It is treated with synthetically made T4, one of the thyroid hormones. This synthetic T4 tries to compensate for the underactive thyroid by fulfilling its T4 requirements. A daily dose of synthetic T4 is prescribed depending on the blood thyroid hormone levels. The hypothyroid pill is to be taken daily or as advised by your physician half an hour before breakfast on an empty stomach. This helps your body absorb the synthetic T4 better.

Amniotic Fluid Embolism – OB/GYN Services Brooklyn

Amniotic Fluid Embolism - Ob\Gyn Services Brooklyn

Amniotic fluid embolism is a serious and life-threatening condition, luckily a very rare condition.  It occurs in cases when the amniotic fluid that surrounds and supports the baby during pregnancy inside of the uterus, enters the mother’s bloodstream. Except the amniotic fluid, also fetal cells or fetal material can enter the mother’s bloodstream. Amniotic fluid embolism is more likely to occur during childbirth or immediately after the delivery (Read also: Assisted Birth).

Amniotic fluid embolism is also very difficult to diagnose. When suspected, it requires urgent medical care and treatment, Brooklyn in order to prevent complications that are life – threatening.

What Is Amniotic Fluid Embolism?

The reason why amniotic fluid embolism occurs is not known. It is believed to be due to a breakdown in the placental barrier, caused usually from trauma. Once the breakdown in the placental barrier occurs, the human body responds by releasing products that cause an inflammatory reaction activating abnormal clotting in the mother’s lungs and blood vessels that can result in a serious blood-clotting disorder known as disseminated intravascular coagulation.

It is believed that some amniotic fluid enters the mother’s bloodstream during childbirth, without causing any problems. However, the reason why in some cases this leads to fluid embolism is not known.

Risk factors for amniotic fluid embolism include:

  • The age of the mother over 35 years old
  • Medically induced labor
  • Placenta problems – like abruption placenta, placenta previa
  • Preeclampsia
  • C-section
  • Polyhydramnios, etc.

What Are the Signs and Symptoms of Amniotic Fluid Embolism?

Amniotic fluid embolism is a condition that develops suddenly and very rapidly. Any change in the general condition of a women, who have recently given birth should be taken serious. The signs and symptoms of amniotic fluid embolism include:

  • Shortness of breath that occurs suddenly
  • Sudden low blood pressure
  • Pulmonary edema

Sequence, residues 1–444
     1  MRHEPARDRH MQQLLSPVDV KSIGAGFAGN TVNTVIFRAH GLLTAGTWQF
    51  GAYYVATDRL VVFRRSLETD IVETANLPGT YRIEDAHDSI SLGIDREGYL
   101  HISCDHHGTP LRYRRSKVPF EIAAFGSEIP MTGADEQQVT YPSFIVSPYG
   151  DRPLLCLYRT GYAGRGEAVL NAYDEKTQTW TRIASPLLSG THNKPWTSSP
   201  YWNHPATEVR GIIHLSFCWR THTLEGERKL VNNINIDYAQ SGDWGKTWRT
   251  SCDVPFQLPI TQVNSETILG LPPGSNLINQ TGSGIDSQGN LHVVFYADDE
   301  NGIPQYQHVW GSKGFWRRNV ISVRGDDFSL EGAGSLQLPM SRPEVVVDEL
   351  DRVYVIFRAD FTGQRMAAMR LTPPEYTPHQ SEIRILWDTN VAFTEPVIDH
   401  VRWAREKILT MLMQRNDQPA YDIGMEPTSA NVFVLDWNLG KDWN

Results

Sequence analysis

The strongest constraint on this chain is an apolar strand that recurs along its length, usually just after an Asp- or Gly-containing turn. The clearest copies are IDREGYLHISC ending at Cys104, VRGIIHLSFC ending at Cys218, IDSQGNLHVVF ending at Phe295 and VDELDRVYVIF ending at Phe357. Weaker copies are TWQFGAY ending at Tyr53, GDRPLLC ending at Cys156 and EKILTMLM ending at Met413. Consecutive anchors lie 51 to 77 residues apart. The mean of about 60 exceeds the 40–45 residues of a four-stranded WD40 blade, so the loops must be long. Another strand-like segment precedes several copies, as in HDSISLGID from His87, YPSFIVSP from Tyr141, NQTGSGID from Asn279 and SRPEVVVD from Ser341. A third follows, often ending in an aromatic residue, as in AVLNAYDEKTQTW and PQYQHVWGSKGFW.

• Chills
  • Rapid heart beat
  • Altered mental status
  • Anxiety
  • Seizures
  • Coma
  • Cardiovascular collapse
  • Disseminated intravascular coagulopathy – impaired and life threatening problems with blood clotting
  • Bleeding from the uterus, incision or intravenous (IV) sites, etc.

How Is Amniotic Fluid Embolism Diagnosed?

It is hard to diagnose fluid embolism. Usually, this diagnosis is suspected by the doctor in cases when there is a sudden and rapid change on the general condition of the women who is in labor or has recently given birth. Diagnosis usually consists in ruling out any other possible medical condition that could cause these signs and symptoms. In many cases with amniotic fluid embolism, the diagnosis is only made with autopsy, after the death of the mother.

Some of the tests and medical examinations that doctor’s usually order, are:

  • Total blood count
  • ECG
  • Pulse oxymetry
  • X-ray of the chest
  • Echocardiography, etc.

Get Gynecologic Treatment in Brooklyn

As it is a serious and life threatening condition amniotic fluid embolism requires immediate medical treatment. Emergency treatments usually include:

  • Oxygen therapy – usually a breathing tube is necessary
  • Catheter placement – a central venous catheter is placed in order to easily administrate fluids, blood transfusions and various medications
  • Blood transfusions – are necessary due to an excessive loss of blood
  • Various medications

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This website contains general information about medical conditions and treatments. The information is not medical advice.

If you have any specific questions about any medical matter you should consult your doctor or other professional healthcare provider.